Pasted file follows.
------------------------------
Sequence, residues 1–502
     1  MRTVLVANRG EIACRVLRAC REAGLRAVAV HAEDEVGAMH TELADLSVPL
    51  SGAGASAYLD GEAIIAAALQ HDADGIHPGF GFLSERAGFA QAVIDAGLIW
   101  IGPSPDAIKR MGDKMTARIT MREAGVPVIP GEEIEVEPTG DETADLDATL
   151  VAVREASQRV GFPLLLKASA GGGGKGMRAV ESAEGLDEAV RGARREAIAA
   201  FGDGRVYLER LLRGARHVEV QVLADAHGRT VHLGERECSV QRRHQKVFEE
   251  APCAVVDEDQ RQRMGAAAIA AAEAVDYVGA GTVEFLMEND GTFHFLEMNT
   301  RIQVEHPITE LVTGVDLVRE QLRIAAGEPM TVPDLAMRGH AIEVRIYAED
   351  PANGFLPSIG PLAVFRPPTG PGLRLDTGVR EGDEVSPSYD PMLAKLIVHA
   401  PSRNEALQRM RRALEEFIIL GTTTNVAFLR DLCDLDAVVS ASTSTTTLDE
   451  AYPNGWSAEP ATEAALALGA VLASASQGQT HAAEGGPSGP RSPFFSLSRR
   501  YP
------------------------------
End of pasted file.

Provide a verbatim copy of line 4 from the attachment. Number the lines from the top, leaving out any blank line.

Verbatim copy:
   101  IGPSPDAIKR MGDKMTARIT MREAGVPVIP GEEIEVEPTG DETADLDATL